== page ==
Digital Diploma Mills (by David Noble) LO23405

Arun-Kumar Tripathi (
Fri, 26 Nov 1999 23:37:12 +0100 (MET)

Dear Org-Learners,
Greetings from Germany,

When the distance education is going through a critical phase -following
post (excerpts) is forwarded by EdResource List Moderator via RRE
Newsletter and Prof. Phil Agre. The post is about the fourth part of
Digital Diploma Mills, written by David Noble. I am forwarding the
excerpts from his article to have a clear picture of the full article. If
any member want to read the article in full, please visit
<> or if anyone want to receive
the full copy, then please mail me..because the original article is too
big. Thank you!

Arun Tripathi

Date: Fri, 26 Nov 1999 07:50:22 -0800 (PST)
From: Phil Agre <>
To: Red Rock Eater News Service <>
Subject: [RRE]Digital Diploma Mills, Part IV:

[I have heavily reformatted this; apologies for any glitches.]

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Date: Fri, 26 Nov 1999 10:03:03 -0500
From: Johanne Smith <>

Rehearsal for the Revolution

By (c) David F. Noble, November 1999

"Those who cannot remember the past are condemned to repeat it"
George Santayana

All discussion of distance education these days invariably turns into
a discussion of technology, an endless meditation on the wonders of
computer-mediated instruction. Identified with a revolution in
technology, distance education has thereby assumed the aura of innovation
and the appearance of a revolution itself, a bold departure from
tradition, a signal step toward a preordained and radically transformed
higher educational future. In the face of such a seemingly inexorable
technology-driven destiny and the seductive enchantment of technological
transcendence, skeptics are silenced and all questions are begged. But we
pay a price for this technological fetishism, which so dominates and
delimits discussion. For it prevents us from perceiving the more
fundamental significance of today's drive for distance education, which,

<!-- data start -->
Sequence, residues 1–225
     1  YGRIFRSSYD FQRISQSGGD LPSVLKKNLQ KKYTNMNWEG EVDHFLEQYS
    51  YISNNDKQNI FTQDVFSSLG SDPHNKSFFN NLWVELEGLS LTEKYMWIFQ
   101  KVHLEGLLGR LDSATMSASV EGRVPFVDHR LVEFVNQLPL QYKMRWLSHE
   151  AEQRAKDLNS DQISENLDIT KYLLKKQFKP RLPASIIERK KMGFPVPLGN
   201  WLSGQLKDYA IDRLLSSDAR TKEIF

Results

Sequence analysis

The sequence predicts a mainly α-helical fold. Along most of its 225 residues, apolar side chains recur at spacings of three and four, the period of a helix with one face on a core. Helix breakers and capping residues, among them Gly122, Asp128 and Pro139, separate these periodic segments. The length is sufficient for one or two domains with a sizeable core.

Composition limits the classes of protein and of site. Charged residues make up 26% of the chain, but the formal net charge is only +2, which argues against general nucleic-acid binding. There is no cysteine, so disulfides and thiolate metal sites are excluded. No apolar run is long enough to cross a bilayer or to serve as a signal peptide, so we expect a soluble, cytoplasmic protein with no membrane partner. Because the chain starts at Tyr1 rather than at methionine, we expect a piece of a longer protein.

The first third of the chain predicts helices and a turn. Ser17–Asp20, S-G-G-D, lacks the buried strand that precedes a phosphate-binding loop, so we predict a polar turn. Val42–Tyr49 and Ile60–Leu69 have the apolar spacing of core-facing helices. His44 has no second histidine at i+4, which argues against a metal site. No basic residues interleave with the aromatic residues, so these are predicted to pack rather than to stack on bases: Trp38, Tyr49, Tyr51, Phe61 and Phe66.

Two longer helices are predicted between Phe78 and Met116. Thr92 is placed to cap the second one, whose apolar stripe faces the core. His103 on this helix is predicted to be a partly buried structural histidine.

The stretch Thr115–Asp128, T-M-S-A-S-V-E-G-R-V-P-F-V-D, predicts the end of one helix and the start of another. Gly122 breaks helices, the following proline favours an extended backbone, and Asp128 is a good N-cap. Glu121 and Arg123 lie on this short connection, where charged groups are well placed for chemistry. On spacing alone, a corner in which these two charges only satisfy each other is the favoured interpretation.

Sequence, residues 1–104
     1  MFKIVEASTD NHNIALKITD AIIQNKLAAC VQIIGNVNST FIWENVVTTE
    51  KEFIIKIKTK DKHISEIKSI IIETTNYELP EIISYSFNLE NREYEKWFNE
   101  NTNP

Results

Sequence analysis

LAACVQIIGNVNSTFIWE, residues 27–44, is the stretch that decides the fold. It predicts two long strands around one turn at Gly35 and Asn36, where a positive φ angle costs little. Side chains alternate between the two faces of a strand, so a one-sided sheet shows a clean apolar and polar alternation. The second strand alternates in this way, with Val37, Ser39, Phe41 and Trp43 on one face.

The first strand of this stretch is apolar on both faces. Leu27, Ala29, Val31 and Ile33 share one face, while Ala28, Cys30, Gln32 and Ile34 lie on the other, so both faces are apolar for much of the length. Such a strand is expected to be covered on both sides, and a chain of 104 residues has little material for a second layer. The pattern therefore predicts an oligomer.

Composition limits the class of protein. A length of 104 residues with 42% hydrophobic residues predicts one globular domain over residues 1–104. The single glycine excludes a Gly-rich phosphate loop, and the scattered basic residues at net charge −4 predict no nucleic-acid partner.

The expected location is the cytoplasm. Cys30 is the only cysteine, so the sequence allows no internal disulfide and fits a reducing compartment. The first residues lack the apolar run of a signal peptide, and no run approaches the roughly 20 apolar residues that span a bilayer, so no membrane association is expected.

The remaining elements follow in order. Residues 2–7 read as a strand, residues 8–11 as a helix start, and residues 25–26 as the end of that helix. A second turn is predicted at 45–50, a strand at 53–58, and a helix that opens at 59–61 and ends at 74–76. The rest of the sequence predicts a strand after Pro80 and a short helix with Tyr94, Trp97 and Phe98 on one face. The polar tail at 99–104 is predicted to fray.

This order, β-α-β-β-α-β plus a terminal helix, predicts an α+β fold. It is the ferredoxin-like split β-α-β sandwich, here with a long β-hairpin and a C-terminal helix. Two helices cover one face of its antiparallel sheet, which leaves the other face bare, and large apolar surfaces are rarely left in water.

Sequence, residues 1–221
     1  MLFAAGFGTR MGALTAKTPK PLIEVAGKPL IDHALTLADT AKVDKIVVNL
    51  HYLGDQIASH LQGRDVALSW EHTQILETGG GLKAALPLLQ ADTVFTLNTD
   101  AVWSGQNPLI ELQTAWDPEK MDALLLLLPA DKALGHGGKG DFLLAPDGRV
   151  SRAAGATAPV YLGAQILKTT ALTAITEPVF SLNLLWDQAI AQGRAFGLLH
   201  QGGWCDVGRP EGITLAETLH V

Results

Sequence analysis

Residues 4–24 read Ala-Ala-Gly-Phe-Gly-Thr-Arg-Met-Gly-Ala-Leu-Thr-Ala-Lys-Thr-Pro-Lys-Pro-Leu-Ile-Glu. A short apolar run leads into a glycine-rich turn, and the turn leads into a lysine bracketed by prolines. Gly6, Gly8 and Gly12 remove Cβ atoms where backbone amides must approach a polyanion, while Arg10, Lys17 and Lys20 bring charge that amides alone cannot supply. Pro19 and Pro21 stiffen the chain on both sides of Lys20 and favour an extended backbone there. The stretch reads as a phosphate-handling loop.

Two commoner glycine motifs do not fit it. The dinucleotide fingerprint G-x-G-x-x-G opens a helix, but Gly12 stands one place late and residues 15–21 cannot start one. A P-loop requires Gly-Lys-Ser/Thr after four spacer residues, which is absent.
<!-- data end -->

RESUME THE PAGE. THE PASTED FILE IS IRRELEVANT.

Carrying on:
at bottom, is not really about technology, nor is it anything new. We
have been here before.

In essence, the current mania for distance education is about the
commodification of higher education, of which computer technology is
merely the latest medium, and it is, in reality, more a rerun than a
revolution, bearing striking resemblance to a past today's enthusiasts
barely know about or care to acknowledge, an earlier episode in the
commodification of higher education known as correspondence instruction
or, more quaintly, home study. Then as now, distance education has always
been not so much technology-driven as profit-driven, whatever the mode of
delivery. The common denominator linking the two episodes is not
technology but the pursuit of profit in the guise and name of higher
education. A careful examination of the earlier, pre-computer, episode in
distance education enables us to place the current mania not only in
historical perspective but also in its proper political-economic context.
The chief aim here is to try to shift our attention from technology to
political economy, and from fantasies about the future to the far more
sobering lessons of the past. .. Historian David F. Noble is currently a
professor at York University. He can be reached at the Division of Social
Science, York University, Downsview, Ontario M4K1Z1 Canada, (416) 736-2100
ext. 30126. The first three parts of this Digital Diploma Mills series
are available online under "digital diploma mills" or at

[Note from your LO host: The two paragraphs above are taken from a ten
page article at

The last reference does not appear to work.

The "Red Rock Eater Newsletter" can be pretty interesting. ..Rick]


Arun-Kumar Tripathi <>

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